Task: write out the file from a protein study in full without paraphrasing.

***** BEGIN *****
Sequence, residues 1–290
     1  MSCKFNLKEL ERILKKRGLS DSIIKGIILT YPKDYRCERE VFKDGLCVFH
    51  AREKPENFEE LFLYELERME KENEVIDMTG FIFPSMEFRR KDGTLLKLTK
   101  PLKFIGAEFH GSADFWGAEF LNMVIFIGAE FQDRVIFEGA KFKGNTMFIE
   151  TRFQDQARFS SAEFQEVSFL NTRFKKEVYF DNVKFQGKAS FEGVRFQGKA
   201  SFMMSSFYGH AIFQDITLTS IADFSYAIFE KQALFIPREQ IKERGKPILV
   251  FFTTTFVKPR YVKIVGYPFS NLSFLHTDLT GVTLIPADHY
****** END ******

Sequence, residues 1–290
     1  MSCKFNLKEL ERILKKRGLS DSIIKGIILT YPKDYRCERE VFKDGLCVFH
    51  AREKPENFEE LFLYELERME KENEVIDMTG FIFPSMEFRR KDGTLLKLTK
   101  PLKFIGAEFH GSADFWGAEF LNMVIFIGAE FQDRVIFEGA KFKGNTMFIE
   151  TRFQDQARFS SAEFQEVSFL NTRFKKEVYF DNVKFQGKAS FEGVRFQGKA
   201  SFMMSSFYGH AIFQDITLTS IADFSYAIFE KQALFIPREQ IKERGKPILV
   251  FFTTTFVKPR YVKIVGYPFS NLSFLHTDLT GVTLIPADHY